This case study using Airfoil Self-Noise dataset.

The NASA data set comprises different size NACA 0012 airfoils at various wind tunnel speeds and angles of attack. The span of the airfoil and the observer position were the same in all of the experiments.

The columns in this dataset are:

- A = Frequency
- B = Angle of attack
- C = Chord length
- D = Free-stream velocity
- E = Suction side displacement thickness
- F = Scaled sound pressure level

Sample Airfoil Self-Noise data

Prediction variables (attributes)

- Frequency, in Hertzs.
- Angle of attack, in degrees.
- Chord length, in meters.
- Free-stream velocity, in meters per second.
- Suction side displacement thickness, in meters.

Target variables

- Scaled sound pressure level, in decibels.

There are **1503** observations in the dataset.

Use **Statsmodels** to estimate the model coefficients for the Airfoil Self-Noise data with B (angle of attack):

**Interpreting Model Coefficients**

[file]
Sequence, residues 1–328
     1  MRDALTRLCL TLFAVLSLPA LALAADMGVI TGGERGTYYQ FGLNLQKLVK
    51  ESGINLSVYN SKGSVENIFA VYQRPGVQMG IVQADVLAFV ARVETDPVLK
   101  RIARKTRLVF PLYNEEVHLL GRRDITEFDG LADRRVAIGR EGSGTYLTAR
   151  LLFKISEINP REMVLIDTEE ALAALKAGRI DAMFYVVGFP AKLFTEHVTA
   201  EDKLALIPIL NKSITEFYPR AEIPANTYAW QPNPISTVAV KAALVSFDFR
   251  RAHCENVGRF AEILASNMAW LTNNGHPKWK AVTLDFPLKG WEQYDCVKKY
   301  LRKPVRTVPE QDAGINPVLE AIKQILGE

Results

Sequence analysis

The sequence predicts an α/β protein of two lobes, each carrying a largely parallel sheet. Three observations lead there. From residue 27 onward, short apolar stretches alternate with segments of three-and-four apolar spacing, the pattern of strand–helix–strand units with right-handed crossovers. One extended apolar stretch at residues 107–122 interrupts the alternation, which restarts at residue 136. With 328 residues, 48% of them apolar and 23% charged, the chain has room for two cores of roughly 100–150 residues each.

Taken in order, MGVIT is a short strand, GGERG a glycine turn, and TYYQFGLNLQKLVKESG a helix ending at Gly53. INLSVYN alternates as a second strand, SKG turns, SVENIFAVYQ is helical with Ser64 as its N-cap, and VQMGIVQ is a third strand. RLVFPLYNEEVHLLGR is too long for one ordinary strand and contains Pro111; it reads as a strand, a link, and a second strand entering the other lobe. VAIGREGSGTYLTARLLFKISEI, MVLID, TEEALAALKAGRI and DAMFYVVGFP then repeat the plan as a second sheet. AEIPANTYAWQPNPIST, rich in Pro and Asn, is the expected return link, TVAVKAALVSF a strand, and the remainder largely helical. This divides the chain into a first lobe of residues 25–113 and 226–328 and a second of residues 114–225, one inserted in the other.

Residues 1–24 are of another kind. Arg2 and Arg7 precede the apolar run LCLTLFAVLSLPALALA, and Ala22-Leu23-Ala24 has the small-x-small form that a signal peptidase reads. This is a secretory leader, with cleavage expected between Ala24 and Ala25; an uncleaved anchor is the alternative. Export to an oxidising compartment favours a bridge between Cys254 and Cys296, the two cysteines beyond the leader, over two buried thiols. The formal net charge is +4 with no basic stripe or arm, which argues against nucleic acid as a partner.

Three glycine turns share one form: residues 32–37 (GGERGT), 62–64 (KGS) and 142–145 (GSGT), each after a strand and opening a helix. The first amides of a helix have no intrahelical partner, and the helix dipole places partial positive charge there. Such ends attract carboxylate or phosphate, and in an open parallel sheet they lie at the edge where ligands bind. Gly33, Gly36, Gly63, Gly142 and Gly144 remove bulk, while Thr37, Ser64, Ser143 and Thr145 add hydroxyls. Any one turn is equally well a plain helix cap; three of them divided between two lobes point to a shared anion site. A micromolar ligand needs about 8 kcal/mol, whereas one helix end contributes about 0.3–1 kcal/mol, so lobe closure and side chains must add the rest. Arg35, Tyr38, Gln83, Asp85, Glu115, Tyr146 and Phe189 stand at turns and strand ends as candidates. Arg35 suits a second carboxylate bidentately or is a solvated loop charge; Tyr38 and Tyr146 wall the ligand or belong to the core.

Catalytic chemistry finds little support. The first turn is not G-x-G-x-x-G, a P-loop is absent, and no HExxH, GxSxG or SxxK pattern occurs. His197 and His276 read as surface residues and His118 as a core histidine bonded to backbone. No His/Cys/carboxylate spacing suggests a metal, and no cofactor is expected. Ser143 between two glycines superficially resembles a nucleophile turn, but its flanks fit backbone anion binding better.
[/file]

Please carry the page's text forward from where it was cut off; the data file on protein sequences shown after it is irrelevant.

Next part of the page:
Interpretation angle of attack coefficient (β1)

- A “unit” increase in angle of attack is associated with a 0.008927 “unit” increase in F (scaled sound pressure level).

**Using the Model for Prediction**

Let’s say that where the Angle of attack increased was 70. What would we predict for the scaled sound pressure level? (First approach for prediction)

126.309388 + (0.008927 * 70) = 126.934278

Thus, we would predict scaled sound pressure level of **126.934278**.

Use Statsmodels to make the prediction: (Second approach for prediction)

**Plotting the Least Squares Line**

Make predictions for the **smallest and largest observed values of x**, and then use the predicted values to plot the least squares line:

Really interesting take on airfoil self noise data… I may try to play around it myself. However, it would really have been great to see your Python code and not just the output and visualisations. I came here for some code.

Thank you. Soon we will release the code.